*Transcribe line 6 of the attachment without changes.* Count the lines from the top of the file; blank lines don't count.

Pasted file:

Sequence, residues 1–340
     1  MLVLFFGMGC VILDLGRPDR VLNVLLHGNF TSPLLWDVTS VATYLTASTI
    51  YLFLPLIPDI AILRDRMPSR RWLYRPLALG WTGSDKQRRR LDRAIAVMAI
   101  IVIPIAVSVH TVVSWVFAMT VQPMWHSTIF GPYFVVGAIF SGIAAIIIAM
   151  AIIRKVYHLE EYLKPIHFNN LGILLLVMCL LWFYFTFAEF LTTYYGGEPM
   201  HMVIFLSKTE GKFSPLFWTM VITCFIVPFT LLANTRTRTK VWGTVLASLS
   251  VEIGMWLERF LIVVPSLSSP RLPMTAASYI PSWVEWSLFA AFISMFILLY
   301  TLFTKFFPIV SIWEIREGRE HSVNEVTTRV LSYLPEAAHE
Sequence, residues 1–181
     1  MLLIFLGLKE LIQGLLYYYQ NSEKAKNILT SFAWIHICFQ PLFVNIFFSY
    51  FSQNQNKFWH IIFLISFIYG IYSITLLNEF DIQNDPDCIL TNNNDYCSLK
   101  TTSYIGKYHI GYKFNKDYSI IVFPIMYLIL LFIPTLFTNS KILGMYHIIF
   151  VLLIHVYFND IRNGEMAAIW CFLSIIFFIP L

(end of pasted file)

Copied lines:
   201  HMVIFLSKTE GKFSPLFWTM VITCFIVPFT LLANTRTRTK VWGTVLASLS